Israel supporters sometimes say, “Well you had your Civil War 80 years into your democracy, we just need ours.” That may be the case, but the problem with that parallel is that Israel is the slave south. And a civil war of liberation would mean a society without slavery, where millions of Palestinians gain the right of consent over their government. I.e., the end of Jewish hegemony.
As for the second question, Will American thunderbolts come for Palestinians, and Arabs, too? The answer is Yes, and sooner than you think.
The LGBT community and the black community have been engaged in long and parallel struggles to make themselves part of the American community. The riots at Stonewall that the television networks were celebrating today as a precedent to the Supreme Court decision were violently suppressed 40 years ago. Those protests were encouraged by the feminist movement and by the downfall of Jim Crow the decade before.
Our understanding of human rights is continuous, and it changes in a hurry.
Watching the joy on Jen Psaki’s face today as she reveled in the Supreme Court opinion, I reflected that this is the same Jen Psaki who has had a stern face again and again when standing up for Israel’s human rights abuses at the State Department, and I reflected how many of us, myself included, met the idea of marriage equality with a stern face just a few years ago. But a conservative American majority has been radically transformed by social outcasts waging an idealistic struggle over several decades. A Reagan appointee wrote today’s uplifting majority opinion for the Supreme Court.
History is a form of blindness, Obama said. Then through grace, we see what should have been obvious to us before; and we discover “our best selves.”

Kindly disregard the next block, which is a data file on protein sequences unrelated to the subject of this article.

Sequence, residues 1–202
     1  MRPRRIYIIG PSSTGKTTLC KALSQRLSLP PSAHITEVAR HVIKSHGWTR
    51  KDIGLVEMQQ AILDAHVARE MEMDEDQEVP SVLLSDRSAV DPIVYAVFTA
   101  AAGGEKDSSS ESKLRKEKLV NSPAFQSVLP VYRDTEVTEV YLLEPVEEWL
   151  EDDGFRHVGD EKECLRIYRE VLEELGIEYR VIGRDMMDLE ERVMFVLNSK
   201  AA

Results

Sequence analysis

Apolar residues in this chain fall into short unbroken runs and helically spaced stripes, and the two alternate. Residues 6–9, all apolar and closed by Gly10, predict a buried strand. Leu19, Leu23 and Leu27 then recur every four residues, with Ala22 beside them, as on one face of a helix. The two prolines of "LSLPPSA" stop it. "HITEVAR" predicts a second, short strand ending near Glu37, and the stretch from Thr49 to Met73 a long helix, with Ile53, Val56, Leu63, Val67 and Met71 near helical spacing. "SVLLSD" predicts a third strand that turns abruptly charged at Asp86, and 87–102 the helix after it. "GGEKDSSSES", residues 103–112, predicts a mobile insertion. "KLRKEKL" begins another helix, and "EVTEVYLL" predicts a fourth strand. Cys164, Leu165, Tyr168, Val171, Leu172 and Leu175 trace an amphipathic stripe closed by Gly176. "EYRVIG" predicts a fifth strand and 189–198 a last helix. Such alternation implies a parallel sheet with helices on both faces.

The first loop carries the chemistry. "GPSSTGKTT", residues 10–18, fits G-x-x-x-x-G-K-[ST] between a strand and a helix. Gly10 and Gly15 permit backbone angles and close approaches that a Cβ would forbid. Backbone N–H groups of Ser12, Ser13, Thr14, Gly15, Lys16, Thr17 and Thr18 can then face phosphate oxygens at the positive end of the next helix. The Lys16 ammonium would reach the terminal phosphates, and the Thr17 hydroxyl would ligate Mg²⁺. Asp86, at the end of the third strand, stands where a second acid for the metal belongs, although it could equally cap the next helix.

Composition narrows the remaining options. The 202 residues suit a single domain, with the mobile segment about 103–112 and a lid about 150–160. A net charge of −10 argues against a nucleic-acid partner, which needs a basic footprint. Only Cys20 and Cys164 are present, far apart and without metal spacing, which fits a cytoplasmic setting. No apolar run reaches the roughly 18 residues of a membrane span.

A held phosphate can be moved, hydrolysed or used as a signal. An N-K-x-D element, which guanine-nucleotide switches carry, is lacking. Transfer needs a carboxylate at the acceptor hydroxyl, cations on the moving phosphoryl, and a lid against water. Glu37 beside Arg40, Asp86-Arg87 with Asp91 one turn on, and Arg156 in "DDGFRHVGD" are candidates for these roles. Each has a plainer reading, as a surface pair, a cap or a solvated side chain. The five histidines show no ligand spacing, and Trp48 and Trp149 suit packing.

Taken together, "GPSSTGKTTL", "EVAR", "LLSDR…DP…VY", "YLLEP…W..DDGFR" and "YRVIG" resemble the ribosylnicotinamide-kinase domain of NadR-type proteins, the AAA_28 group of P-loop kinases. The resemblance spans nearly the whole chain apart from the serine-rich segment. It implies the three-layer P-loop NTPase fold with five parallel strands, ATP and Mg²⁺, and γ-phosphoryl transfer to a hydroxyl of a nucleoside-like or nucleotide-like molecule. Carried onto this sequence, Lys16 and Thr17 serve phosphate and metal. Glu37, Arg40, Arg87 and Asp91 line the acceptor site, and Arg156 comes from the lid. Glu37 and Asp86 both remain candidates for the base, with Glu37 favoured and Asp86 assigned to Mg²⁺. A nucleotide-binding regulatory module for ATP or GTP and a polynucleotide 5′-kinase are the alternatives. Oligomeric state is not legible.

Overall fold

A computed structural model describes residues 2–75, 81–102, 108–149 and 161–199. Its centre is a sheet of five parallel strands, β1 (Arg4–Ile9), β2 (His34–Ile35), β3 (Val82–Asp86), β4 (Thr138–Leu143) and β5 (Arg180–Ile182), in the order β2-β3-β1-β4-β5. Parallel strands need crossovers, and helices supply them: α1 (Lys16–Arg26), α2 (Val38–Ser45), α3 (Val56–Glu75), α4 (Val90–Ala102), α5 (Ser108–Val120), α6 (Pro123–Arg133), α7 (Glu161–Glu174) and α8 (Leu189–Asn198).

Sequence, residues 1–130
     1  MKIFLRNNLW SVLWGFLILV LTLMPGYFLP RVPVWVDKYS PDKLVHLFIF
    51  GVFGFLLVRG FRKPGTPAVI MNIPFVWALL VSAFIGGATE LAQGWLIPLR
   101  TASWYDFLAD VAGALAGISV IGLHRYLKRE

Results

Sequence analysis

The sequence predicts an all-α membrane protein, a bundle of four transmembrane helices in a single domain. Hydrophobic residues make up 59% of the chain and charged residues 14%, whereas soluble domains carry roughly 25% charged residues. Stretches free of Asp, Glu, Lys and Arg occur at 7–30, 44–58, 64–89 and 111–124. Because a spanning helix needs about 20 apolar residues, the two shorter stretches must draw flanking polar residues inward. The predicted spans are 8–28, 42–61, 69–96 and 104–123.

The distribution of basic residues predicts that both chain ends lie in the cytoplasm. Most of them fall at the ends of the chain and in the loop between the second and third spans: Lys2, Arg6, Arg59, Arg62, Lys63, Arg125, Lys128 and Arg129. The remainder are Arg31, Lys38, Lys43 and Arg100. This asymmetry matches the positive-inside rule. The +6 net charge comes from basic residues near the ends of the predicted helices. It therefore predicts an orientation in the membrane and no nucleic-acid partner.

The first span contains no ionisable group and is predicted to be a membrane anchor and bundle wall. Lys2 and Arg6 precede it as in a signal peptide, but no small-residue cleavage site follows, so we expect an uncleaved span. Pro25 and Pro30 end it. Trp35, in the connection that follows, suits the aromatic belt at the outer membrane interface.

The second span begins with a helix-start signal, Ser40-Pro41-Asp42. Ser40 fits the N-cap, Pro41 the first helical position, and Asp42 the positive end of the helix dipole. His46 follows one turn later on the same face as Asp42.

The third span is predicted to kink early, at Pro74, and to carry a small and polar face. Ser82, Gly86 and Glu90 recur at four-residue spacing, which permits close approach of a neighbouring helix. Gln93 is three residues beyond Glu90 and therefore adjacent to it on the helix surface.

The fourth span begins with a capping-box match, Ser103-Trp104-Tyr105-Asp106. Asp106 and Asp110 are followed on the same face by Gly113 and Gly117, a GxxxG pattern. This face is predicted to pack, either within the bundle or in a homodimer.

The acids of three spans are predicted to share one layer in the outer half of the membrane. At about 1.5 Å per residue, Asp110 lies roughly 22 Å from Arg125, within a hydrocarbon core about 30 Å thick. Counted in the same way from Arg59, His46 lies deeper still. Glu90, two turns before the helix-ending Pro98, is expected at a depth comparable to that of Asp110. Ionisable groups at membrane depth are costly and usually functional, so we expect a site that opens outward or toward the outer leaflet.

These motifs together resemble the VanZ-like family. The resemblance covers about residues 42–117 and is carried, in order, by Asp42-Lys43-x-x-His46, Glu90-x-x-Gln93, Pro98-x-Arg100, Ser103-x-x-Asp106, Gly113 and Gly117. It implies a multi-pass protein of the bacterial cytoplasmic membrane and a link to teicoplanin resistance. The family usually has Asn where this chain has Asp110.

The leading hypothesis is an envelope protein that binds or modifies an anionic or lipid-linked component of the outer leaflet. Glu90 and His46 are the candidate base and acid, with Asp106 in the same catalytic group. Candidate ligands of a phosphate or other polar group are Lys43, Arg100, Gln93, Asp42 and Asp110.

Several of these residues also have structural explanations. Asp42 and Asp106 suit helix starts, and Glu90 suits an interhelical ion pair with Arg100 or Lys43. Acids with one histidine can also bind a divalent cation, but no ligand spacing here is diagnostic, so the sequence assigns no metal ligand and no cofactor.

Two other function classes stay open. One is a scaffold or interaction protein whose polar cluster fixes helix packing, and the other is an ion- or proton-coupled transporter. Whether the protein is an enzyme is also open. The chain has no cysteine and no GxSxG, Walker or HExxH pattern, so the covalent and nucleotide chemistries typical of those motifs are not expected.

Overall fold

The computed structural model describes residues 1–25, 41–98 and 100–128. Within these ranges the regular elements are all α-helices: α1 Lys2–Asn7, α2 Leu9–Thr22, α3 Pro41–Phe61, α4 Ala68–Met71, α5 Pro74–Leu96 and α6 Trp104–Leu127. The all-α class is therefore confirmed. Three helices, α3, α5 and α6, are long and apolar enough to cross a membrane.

When a black president broke into Amazing Grace from the pulpit in Charleston– no one could have seen that moment ten years ago. Just as no one today can see the American embrace of Palestine that is coming soon.
For all my American brothers and sisters who work tirelessly on behalf of a people whose oppression the U.S. is responsible for, today we issue a challenge to the country. Consider our cause. To paraphrase the Supreme Court, Palestinians also hope not to be condemned to live in loneliness, excluded from civilization. All they ask is for equal dignity in the eyes of the law.

Fuel the Momentum

 

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bintbiba

Mr Weiss,
You write beautifully. The ending of your article is extremely moving.
May the Powers That Be listen and heed your words !
It’s been a long,long time a’coming !

Annie Robbins

omg phil, you’ve got me crying.

oldgeezer
oldgeezer

Don’t hog the tissues. Beautiful aspirations and beautifully stated. That day cannot come soon enough. Peace and justice for all in the region. Seems so impossible but that just means there is a need to work harder. Too overcome not only the lunatic fringe that is ISIS but also the… Read more »

ivri
ivri

So, let me understand: Is dealing with the Palestinian issue the natural sequel of the response to the killings in the Church? How exactly the 2 are linked – apart from abstract humane notions that in fact links it to a thousand of other issues in today`s world? And even… Read more »

Citizen
Citizen

I don’t recall the USA giving Syria, Iraq, Sudan, Yemen and other countries $8.5 Million dollars a day; nor do I recall the USA immunizing their regimes from accountability under international law post Nuremberg at the UN SC. @ ivri, do you?